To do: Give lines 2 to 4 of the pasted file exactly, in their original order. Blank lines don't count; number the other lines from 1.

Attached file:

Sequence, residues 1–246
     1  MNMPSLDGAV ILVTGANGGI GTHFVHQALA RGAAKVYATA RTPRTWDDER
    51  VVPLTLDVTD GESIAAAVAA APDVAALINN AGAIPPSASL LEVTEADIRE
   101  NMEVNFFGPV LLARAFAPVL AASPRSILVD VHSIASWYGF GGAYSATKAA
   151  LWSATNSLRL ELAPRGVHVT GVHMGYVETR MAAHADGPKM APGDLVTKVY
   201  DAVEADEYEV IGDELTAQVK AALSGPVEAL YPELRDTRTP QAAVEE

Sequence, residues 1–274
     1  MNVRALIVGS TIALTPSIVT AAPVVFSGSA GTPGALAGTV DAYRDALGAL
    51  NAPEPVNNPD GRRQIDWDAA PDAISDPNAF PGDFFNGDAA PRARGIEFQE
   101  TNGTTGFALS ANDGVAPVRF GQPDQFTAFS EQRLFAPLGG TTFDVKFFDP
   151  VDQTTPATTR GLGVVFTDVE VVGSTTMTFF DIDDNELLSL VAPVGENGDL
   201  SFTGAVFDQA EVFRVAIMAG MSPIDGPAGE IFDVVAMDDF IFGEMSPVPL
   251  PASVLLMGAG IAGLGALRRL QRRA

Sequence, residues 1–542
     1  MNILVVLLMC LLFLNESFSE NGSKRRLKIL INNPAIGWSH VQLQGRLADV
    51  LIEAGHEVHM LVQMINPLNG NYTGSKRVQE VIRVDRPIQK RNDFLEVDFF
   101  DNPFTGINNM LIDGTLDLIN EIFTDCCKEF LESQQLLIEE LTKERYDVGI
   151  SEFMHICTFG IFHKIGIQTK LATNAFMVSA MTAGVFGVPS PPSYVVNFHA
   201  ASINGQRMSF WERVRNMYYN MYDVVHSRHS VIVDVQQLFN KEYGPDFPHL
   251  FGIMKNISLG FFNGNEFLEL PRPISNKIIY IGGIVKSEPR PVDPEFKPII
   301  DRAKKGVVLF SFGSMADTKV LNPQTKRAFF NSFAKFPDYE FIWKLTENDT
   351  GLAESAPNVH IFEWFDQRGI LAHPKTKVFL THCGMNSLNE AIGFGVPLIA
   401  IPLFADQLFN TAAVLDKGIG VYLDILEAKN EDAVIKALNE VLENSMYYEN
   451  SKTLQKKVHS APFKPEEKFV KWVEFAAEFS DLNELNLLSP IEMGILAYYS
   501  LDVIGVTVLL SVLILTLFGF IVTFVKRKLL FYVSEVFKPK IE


     1  MNMPSLDGAV ILVTGANGGI GTHFVHQALA RGAAKVYATA RTPRTWDDER
    51  VVPLTLDVTD GESIAAAVAA APDVAALINN AGAIPPSASL LEVTEADIRE
   101  NMEVNFFGPV LLARAFAPVL AASPRSILVD VHSIASWYGF GGAYSATKAA